The theory is based on extensive library reviews and does have some credibility in that it reflects that there are genetic differences. One diet does not fit all people. However, the restrictive nature of the advice for some blood type groups neglects the fact that the “human race” is far from pure and that the ancestry of many is mixed.
It gives sound advice on selecting natural and fresh food sources, advocates responsible portion control, at home preparation and appeases the masses by admitting that 75% compliance will be acceptable. The con side of this plan, besides some of the restrictions is that it has not been subjected to clinical trials whereas the Zone and Atkins have stood the test of such research.
Susanne Somers “Get Skinny on Fabulous Foods”
This television personality best known for the “Thigh Master” exercise infomercials promotes and eating plan with a goal to eliminate sugar and white flour and emphasizes fibre rich and natural food consumption.
Insulin control is the objective and divides her plan into two levels. Level one is very restrictive on refined carbohydrates and although she doesn’t come right out and endorse “food combining”, the restrictions within her recommendations are just that.
Somers maintains the when proteins and carbohydrates are eaten together, their enzymes “cancel each other out,” creating a halt to the digestive process and that results in weight gain. This is faulty reasoning. Besides the fact that our digestive systems are designed to easily handle mixed diets, there is the fact that if digestion were halted, you would lose weight because none of the calories would be extracted and absorbed.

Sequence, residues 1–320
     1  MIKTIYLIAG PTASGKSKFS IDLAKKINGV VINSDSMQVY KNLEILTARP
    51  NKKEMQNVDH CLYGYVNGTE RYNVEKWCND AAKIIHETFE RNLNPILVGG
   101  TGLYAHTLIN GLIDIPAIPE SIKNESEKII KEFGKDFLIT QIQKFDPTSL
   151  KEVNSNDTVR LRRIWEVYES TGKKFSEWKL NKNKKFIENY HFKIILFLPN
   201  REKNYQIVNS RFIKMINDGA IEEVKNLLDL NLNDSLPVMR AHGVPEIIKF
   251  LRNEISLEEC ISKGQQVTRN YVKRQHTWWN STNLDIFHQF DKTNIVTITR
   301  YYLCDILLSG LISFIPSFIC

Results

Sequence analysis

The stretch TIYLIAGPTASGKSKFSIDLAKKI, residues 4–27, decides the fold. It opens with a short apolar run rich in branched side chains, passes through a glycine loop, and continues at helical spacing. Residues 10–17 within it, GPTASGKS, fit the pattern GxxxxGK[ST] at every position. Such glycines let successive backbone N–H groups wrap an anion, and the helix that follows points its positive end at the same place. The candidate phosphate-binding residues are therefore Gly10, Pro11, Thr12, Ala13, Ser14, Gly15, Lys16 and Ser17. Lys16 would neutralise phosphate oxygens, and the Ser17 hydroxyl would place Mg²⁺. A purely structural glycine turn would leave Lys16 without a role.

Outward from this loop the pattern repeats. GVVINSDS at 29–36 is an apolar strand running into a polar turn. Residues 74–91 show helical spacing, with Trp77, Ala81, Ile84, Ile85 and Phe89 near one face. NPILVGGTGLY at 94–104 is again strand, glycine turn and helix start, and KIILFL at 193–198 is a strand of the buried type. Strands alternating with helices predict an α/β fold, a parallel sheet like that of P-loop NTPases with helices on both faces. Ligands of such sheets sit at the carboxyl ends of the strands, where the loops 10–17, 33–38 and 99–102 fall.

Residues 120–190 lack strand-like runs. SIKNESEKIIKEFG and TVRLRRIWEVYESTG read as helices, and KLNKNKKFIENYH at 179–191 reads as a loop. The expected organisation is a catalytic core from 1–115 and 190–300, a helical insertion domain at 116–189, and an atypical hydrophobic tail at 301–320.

There is also the restriction of fluids during meals because it dilutes digestive enzymes. A pseudo fact without scientific merit. The level two portion seems to contradict many of the recommendations in level one and appears to be a 1200 calorie program which would be a form of starvation for many. She also de-emphasizes the role of exercise in weight management.
The Carbohydrate Addicts Diet
Drs. Rachael and Richard Heller followed personal experience to design a low carbohydrate eating plan with a twist. The science is no different than that used by Atkins or Sears in the Zone diet.
They recommend an Atkins restricted carbohydrate plan for two meals per day, followed by a “reward” meal of “anything you want as long as you consume it in less than one hour”. They do try to have you balance that meal with 1/3 meat, 1/3 low-carb vegetables and 1/3 carbohydrate rich foods including deserts. This practice is simple and allows for one insulin surge (fat storage episode) per day and that will still allow for weight loss (fat loss) to occur.
Unfortunately they have not paid enough attention to the nutrient content of their advice and that could set up some people for nutrient deficiencies and all its consequences. For example, they do allow you to honor your cravings for fried chicken and French fries. However, the Heller’s do provide an extensive review of the scientific literature on this subject in this book and in subsequent books.
L. Lee Coyne